Dr. Marcus Martin, interim vice president and chief officer for diversity and equity and professor of emergency medicine, led 20 U.Va. students to St. Kitts and Nevis for a J-Term course on “Health Care and Disaster Preparedness in the West Indies.” Here’s his report:
Our students learned the fundamentals of emergency care and disaster preparedness through a series of lectures, direct observations, skills modules and exploration of the preparedness infrastructure currently existing in the small developing federation of St. Kitts and Nevis.
And the students had two real-life encounters with the importance of disaster preparedness and response in the Caribbean and West Indies. One, of course, was the catastrophic earthquake in Haiti on Jan. 12 causing us to pause, helpless, and reflect on the reality of mitigation, preparedness, response and recovery. The other was a volcanic eruption on nearby Montserrat, which sent a cloud of ash our way thick enough to cause airline cancellations . (We all returned home safely.)
The U.Va. contingent arrived in St. Kitts on Jan. 2, just in time for the “Last Lap” of Carnival, the annual holiday celebration and cultural extravaganza and a great beginning to the week.
The students were nursing, pre-med, engineering, anthropology, interdisciplinary studies and psychology majors. The course was designed to be of value to students of all majors and included a mass-casualty drill with a focus on triage, a scavenger hunt for items needed to survive during a disaster, teamwork and debriefings at the end of each day.
The week was jam-packed with meetings with officials from the ministries of Health and Culture, emergency management, hospitals and the local community. The course ended with a community service project at the Joseph N. France Hospital, where students painted and spiffed up the children’s playground area.
We also visited an old British fort, “Brimstone Hill” now a World Heritage Site designation, and Romney Manor, formerly Wingfield Estate, the home of – and here’s a U.Va. connection! – Thomas Jefferson’s great-great grandfather, Sam Jefferson.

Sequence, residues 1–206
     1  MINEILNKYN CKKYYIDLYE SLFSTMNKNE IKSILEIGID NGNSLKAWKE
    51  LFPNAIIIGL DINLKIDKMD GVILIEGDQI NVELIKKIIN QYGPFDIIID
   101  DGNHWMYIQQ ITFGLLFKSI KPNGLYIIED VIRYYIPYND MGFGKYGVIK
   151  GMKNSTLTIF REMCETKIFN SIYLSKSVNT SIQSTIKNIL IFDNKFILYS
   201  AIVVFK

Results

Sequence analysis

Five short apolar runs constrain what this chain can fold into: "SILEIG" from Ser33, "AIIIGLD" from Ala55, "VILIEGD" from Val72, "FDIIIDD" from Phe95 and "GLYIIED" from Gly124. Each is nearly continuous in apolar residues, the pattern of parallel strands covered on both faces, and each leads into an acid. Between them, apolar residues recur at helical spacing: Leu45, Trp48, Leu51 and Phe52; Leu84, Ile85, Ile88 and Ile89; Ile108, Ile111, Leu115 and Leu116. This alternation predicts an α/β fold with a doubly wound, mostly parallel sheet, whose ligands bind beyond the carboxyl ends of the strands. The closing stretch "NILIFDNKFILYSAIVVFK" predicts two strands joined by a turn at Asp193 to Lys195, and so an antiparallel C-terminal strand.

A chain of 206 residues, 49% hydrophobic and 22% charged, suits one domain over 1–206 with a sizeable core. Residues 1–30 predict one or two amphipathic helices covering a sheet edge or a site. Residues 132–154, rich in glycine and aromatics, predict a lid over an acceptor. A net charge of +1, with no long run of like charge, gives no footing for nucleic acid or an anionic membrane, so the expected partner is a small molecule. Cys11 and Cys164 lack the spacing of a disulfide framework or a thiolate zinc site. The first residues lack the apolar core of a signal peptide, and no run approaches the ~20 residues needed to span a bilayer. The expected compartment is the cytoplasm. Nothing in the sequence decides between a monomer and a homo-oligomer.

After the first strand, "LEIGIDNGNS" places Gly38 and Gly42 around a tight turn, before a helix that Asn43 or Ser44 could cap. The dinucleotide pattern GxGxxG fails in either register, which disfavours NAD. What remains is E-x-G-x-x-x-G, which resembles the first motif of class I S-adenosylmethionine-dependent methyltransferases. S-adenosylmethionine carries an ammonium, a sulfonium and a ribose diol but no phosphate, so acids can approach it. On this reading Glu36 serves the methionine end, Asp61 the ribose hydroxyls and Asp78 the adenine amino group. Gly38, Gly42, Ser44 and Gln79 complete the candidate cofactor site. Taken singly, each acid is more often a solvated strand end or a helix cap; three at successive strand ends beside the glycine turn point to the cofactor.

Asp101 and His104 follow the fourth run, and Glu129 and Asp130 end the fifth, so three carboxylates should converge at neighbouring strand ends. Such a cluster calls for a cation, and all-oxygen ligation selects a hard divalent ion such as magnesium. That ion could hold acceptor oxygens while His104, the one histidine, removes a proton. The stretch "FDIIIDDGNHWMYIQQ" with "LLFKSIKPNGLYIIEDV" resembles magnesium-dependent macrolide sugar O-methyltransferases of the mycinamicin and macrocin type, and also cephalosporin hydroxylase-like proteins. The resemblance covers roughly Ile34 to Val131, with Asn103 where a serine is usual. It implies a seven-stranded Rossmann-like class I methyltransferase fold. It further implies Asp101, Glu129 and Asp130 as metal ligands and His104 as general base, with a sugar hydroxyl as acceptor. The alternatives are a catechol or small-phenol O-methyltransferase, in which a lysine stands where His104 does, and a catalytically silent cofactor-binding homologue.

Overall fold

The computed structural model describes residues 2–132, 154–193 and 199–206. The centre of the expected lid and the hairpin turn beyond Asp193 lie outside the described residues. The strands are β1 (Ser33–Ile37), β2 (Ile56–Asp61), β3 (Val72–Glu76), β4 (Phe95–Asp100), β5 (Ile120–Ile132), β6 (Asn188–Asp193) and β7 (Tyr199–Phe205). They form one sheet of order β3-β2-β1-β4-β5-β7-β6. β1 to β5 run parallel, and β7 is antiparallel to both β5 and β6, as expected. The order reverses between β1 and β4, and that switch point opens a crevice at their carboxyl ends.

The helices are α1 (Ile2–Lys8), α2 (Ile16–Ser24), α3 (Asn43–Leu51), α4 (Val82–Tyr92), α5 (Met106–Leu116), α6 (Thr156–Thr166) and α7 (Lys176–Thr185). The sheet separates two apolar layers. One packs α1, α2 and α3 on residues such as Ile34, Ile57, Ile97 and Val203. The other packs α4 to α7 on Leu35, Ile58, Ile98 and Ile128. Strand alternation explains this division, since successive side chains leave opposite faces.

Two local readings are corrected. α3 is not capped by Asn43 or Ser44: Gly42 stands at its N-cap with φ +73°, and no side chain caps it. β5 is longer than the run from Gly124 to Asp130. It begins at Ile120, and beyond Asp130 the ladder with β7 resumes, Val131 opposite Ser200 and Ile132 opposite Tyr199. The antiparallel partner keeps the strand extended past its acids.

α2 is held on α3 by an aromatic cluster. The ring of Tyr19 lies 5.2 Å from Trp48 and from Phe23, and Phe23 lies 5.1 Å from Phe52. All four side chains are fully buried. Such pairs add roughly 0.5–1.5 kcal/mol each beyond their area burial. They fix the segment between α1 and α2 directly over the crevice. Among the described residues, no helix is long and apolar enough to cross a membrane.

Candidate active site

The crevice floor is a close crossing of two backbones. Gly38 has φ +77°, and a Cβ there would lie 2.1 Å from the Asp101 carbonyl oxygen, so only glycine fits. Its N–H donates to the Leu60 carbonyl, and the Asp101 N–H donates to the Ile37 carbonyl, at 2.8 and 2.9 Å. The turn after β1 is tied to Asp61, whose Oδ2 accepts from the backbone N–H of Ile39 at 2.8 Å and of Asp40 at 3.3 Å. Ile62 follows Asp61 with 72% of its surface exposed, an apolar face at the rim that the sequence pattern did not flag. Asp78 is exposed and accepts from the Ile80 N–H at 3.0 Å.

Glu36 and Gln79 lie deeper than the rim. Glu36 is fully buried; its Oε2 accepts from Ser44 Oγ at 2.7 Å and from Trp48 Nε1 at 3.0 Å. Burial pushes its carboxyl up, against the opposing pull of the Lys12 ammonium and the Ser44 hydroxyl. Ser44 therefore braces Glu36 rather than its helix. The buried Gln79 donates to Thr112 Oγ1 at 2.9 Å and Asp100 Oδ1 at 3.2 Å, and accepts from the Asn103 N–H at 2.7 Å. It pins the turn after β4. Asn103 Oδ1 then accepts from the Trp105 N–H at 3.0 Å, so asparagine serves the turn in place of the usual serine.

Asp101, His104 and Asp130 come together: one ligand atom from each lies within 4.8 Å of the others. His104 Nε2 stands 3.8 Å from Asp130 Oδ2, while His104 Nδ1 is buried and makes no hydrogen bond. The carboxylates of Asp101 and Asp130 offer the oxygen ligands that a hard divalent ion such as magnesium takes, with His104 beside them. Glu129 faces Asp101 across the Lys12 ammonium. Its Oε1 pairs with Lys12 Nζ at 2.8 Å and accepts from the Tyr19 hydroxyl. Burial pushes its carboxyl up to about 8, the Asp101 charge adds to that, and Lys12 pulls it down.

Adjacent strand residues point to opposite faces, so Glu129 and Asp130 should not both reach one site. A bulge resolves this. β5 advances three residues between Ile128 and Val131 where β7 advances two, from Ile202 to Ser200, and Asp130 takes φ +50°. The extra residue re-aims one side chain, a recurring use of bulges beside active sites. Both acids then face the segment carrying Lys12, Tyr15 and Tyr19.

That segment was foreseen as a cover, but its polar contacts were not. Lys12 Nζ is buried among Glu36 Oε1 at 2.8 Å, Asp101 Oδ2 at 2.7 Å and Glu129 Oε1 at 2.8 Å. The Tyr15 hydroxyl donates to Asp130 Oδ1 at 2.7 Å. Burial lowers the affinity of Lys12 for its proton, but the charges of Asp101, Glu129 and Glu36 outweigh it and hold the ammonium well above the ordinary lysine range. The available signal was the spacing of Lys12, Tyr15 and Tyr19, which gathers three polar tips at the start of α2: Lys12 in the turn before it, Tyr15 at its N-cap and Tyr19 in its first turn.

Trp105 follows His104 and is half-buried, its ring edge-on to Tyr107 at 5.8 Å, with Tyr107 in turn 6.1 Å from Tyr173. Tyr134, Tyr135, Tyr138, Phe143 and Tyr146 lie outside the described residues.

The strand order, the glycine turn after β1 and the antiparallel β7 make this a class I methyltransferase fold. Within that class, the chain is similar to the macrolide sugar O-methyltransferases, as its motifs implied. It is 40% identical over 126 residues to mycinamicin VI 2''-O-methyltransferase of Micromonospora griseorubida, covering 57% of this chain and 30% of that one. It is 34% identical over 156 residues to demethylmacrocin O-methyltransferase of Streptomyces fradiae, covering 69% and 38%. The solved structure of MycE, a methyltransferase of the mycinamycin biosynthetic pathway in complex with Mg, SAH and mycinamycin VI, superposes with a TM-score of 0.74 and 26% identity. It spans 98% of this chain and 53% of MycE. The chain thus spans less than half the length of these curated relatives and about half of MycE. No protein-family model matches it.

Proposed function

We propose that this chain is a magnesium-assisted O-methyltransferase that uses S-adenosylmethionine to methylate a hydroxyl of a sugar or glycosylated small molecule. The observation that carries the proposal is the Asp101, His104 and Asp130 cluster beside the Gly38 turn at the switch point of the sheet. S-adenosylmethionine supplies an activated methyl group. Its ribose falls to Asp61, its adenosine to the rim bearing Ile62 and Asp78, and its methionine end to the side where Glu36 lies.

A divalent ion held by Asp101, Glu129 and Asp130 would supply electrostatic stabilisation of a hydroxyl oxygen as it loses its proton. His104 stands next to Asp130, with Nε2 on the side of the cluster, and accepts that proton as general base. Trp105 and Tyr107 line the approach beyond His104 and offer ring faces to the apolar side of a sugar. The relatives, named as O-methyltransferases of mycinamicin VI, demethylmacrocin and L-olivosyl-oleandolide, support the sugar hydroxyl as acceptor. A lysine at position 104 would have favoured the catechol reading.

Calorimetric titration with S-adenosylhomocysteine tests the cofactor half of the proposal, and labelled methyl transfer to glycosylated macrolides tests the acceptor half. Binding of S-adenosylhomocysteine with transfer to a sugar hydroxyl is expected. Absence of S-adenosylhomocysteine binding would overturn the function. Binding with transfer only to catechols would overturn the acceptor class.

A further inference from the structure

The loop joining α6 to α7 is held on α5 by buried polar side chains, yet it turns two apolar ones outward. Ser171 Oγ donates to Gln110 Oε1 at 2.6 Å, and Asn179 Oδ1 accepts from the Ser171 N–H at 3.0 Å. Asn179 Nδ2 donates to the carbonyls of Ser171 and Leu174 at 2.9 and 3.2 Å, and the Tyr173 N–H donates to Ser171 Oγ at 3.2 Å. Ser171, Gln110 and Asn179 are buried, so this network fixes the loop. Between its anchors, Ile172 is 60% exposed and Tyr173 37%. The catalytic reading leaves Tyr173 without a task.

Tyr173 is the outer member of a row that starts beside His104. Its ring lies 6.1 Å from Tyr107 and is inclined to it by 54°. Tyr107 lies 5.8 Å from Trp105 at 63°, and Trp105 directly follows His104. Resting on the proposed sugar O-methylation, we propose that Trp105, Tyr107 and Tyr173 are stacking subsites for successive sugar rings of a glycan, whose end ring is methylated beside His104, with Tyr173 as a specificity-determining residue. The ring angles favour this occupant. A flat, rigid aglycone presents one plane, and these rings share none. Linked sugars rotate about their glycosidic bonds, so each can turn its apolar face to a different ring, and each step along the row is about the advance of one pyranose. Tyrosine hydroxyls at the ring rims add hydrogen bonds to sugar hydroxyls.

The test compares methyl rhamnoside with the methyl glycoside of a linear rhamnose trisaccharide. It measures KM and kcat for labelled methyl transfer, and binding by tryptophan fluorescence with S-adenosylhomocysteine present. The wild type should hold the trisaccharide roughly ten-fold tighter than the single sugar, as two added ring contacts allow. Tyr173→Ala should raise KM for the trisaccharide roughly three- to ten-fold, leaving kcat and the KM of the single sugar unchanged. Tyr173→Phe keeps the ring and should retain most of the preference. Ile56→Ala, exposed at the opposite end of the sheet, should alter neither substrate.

“Never have I learned so much in just two weeks,” Hunter Reed, a fourth-year anthropology student in the College of Arts & Sciences, told me later. “St. Kitts now feels like a second home and I would highly recommend this class to all students, not just those in the medical field.”
And Jennifer L. Jamison-Gines, a nursing graduate student, said, “We even learned from a local bush doctor about complementary medical practices commonly used in the islands.”
Caitlin Burchfield, a third-year nursing student, added: “This study abroad experience introduced new ideas to my world perspective as well as reaffirmed personal perceptions of how the American health care system contrasts and compares to others.”
Many thanks to the U.Va. faculty and faculty associated with the International University of Nursing, the University of Medicine and Health Sciences, Ross University School of Veterinary Medicine and other health care professionals in a non-traditional learning environment.
U.Va. faculty who helped lead the group were Dr. Bill Brady, vice chair of emergency medicine; Audrey Snyder, assistant professor in the School of Nursing; Elizabeth Wright, Medical Simulations Center director of operations; and Kostas Alibertis, emergency preparedness and response coordinator with the Center for Emergency Management at the U.Va. Health System.
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